In any event, the above measures, which are feasible even if not generally desirable, become virtually impossible to evaluate and implement in an AI world, with the result that the biases and prejudices of designers and developers will likely be baked into AI systems without the knowledge or understanding of users, lawmakers, regulators, law enforcement, intelligence agencies, or the military. This may be acceptable if everyone had agreed ahead of time about which features are permitted and which should be omitted. But that isn’t happening. One can always hope that AI systems will be benign and supportive, but what if they are malignant and destructive? Then you must hope that the latter can be deactivated before doing too much damage. Good luck with that. It won’t happen unless there is a huge updating of our legal, regulatory and enforcement systems, which is not even on the horizon.
So, what should we do? In the first place we need to ensure that decision-makers, including lawmakers, regulators, and law enforcement, are educated as to the dangers of unfettered AI systems. Then we must establish global laws, regulations, policy and standards … and support their enforcement. And finally, we need deterrents that are sufficiently onerous so that the development and use of AI systems remain virtuous rather than vicious. Given the ignorance or nefarious intentions of those who might influence the direction and use of AI, there is clearly much work to be done to try to get ahead of the AI cybersecurity wave. This is work that no one seems eager to take on, which is understandable given the enormity of the task. Understandable, yes, but not acceptable.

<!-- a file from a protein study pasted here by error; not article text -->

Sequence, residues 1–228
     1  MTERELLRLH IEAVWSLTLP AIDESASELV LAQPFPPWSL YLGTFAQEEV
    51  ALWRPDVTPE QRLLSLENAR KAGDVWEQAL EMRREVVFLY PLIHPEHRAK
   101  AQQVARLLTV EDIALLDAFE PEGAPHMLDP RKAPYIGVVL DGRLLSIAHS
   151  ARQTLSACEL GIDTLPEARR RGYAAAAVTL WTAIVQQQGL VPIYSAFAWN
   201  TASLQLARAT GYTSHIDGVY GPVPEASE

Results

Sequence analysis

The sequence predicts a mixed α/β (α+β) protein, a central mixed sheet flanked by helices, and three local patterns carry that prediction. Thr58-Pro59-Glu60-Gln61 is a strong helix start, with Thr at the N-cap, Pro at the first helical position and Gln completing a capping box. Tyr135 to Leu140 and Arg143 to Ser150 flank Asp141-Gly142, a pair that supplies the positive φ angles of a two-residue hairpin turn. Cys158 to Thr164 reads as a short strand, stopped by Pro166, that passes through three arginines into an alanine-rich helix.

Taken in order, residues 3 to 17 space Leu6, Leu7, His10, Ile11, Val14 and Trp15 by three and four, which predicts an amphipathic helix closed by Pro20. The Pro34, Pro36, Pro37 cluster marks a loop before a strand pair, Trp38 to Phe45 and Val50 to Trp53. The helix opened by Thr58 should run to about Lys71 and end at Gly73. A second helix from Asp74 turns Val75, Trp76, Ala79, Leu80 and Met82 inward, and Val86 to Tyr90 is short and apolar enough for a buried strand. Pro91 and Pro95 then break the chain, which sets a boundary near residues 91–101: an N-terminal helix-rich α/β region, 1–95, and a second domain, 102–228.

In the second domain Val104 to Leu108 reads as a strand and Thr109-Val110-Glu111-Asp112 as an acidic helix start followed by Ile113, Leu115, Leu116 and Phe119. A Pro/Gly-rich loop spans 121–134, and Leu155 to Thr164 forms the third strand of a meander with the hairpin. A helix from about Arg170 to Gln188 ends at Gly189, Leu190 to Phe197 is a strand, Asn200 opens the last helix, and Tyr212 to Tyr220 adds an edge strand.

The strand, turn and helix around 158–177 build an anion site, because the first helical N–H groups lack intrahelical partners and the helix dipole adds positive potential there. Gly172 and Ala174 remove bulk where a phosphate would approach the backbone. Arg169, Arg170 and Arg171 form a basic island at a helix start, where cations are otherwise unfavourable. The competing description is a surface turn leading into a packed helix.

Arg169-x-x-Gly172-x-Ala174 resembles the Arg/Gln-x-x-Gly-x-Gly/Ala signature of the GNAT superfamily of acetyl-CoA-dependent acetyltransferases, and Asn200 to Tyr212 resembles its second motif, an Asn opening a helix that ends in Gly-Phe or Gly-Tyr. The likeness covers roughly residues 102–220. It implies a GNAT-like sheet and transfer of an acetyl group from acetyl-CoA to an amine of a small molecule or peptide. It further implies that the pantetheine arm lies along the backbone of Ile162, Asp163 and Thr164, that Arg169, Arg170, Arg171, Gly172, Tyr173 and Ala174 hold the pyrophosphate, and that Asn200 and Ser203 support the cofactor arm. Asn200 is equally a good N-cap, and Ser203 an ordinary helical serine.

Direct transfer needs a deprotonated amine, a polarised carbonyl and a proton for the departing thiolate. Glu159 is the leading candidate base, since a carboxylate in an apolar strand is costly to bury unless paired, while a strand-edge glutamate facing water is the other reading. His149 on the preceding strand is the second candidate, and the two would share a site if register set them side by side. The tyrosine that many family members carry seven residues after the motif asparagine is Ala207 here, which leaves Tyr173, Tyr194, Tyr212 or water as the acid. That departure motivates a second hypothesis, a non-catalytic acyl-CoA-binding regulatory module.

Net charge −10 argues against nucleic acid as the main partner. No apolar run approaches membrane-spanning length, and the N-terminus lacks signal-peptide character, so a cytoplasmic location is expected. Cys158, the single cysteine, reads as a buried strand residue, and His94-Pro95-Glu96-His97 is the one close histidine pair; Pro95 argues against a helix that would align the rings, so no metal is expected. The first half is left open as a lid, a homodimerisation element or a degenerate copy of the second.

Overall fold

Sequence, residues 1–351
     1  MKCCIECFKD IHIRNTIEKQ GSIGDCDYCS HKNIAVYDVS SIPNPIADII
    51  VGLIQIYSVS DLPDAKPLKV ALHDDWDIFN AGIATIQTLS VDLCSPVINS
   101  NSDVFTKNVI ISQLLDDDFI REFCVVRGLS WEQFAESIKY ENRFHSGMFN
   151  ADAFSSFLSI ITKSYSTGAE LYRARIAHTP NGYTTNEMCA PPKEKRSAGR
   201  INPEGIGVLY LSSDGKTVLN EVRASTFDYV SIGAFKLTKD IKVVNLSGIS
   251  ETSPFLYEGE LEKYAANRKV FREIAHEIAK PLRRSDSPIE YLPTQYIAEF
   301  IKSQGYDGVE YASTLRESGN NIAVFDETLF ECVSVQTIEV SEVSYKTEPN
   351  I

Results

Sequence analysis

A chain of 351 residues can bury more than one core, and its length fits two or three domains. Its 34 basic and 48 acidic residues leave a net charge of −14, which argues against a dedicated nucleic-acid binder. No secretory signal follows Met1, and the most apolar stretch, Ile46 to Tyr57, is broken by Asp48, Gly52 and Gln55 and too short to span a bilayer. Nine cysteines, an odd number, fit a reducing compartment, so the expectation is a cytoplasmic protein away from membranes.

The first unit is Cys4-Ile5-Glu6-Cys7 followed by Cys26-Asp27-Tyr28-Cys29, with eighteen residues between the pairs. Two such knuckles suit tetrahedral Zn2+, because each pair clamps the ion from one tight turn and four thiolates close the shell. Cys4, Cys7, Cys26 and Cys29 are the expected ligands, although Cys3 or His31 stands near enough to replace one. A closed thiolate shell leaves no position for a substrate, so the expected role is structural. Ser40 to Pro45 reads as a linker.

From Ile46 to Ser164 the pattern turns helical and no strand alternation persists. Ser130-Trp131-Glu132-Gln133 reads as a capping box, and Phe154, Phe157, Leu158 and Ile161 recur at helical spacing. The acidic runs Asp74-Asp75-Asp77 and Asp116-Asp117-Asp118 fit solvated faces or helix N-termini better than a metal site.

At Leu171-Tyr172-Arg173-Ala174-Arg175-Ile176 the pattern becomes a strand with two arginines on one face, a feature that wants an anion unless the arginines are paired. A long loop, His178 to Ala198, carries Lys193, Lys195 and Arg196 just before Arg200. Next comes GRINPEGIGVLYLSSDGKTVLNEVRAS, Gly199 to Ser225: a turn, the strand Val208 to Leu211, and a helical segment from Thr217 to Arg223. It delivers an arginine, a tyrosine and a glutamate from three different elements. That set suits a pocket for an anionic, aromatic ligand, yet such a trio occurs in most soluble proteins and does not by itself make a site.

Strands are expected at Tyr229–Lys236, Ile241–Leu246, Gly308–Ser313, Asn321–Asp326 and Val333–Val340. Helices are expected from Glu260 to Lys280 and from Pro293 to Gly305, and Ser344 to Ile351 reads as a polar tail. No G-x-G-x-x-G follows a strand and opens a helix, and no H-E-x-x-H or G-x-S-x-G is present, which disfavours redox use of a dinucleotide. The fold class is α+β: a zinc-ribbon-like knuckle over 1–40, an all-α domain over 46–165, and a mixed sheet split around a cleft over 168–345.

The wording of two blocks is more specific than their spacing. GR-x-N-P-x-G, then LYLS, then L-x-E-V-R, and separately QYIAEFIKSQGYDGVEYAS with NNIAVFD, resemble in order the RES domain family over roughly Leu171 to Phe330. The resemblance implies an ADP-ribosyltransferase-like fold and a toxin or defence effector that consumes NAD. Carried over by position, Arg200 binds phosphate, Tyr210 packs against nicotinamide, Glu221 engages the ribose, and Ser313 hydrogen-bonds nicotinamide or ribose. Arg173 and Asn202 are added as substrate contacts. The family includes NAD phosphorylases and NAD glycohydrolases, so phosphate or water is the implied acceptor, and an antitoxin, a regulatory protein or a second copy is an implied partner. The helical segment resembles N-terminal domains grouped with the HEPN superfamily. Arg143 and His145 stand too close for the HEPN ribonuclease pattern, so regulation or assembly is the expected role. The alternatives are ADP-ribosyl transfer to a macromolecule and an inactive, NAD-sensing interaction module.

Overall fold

*** This is a Security Bloggers Network syndicated blog from BlogInfoSec.com authored by C. Warren Axelrod. Read the original post at: https://www.bloginfosec.com/2018/06/18/is-ai-for-or-against-cybersecurity/